Source: Geochemistry, Geophysics, Geosystems
Documenting past riverine nutrient conditions, which in turn may reflect excess nitrogen from farms or cities, is difficult because of the limited water chemistry monitoring. Kukolich and Dettman  find that the isotopic composition of shell organic matter in three species of freshwater mussel recorded seasonal variability in chemistry of riverine suspended particulate organic matter. Chronologies developed using oxygen isotopes support a dormant winter season, indicating that most of the shell growth occurs during the warm summer months. This technique can be applied to archived specimens to evaluate past change in riverine water quality.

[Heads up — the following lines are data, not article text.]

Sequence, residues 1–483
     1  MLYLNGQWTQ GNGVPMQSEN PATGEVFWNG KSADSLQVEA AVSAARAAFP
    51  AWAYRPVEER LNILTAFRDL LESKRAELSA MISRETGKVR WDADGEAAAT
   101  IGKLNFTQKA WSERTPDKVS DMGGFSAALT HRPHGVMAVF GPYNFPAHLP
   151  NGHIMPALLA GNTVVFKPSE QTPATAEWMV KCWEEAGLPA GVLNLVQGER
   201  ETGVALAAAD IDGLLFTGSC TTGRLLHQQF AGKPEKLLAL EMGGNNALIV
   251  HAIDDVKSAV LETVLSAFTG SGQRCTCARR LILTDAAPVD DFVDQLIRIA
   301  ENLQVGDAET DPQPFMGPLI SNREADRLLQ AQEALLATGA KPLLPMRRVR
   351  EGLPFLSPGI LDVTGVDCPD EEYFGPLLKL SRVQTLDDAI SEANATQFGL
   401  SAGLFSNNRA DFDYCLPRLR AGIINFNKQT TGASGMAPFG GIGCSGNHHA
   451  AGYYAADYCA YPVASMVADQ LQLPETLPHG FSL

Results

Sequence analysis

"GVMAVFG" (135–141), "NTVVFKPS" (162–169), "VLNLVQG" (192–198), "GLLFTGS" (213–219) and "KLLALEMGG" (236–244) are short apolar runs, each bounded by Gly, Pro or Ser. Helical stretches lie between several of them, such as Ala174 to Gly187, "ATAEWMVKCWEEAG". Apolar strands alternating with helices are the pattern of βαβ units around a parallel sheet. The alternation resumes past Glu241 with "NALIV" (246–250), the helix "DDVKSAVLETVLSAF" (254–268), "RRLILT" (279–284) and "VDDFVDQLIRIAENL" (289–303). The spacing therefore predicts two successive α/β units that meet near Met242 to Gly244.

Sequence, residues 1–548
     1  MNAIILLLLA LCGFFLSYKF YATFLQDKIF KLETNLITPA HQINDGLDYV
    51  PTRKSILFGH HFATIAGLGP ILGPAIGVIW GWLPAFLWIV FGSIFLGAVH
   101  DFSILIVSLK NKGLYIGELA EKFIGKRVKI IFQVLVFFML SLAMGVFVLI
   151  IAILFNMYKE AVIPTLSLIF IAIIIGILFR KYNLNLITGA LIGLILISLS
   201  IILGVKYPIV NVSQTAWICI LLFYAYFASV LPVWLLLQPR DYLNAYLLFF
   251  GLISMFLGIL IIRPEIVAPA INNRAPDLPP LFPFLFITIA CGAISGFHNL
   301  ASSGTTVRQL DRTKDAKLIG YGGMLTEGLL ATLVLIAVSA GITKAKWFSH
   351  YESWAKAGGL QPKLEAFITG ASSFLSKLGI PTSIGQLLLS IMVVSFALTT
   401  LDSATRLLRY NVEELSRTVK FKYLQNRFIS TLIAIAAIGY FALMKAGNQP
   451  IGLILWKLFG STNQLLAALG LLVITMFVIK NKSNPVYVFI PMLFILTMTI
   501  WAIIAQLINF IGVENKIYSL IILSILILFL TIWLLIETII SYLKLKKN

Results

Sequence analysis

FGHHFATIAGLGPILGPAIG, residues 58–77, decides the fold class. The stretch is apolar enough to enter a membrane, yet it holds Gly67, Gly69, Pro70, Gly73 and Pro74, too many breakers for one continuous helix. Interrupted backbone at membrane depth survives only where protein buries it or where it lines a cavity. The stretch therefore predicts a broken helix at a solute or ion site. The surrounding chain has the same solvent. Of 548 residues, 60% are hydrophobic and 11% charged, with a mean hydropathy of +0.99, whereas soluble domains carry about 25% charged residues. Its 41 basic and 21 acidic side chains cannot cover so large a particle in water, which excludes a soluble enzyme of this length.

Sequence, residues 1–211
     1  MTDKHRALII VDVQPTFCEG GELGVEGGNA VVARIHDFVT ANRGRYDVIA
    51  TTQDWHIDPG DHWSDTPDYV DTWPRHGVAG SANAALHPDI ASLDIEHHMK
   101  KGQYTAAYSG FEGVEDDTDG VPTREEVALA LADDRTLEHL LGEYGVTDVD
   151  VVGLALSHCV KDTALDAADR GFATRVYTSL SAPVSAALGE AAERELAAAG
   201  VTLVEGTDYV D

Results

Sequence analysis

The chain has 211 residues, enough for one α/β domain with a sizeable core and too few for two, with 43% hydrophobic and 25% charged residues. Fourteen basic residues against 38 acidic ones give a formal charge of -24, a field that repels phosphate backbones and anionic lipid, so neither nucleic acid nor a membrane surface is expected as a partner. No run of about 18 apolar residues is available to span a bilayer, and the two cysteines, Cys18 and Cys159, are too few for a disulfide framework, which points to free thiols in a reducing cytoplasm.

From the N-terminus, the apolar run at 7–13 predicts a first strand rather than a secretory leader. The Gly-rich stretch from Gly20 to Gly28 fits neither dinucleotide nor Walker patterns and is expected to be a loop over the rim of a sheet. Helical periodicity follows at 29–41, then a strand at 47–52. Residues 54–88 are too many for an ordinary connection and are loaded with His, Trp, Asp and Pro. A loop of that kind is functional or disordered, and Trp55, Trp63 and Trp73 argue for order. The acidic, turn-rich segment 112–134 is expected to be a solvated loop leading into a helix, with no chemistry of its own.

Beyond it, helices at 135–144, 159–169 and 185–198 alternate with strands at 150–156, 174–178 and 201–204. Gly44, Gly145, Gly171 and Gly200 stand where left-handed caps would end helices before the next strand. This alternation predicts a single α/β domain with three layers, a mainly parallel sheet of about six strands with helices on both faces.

Citation: Kukolich, S., & Dettman, D. . Reconstructing seasonal and baseline nitrogen isotope ratios in riverine particulate matter using freshwater mussel shells. Geochemistry, Geophysics, Geosystems, 22, e2020GC009239. https://doi.org/10.1029/2020GC009239
—Branwen Williams, Editor, Geochemistry, Geophysics, Geosystems
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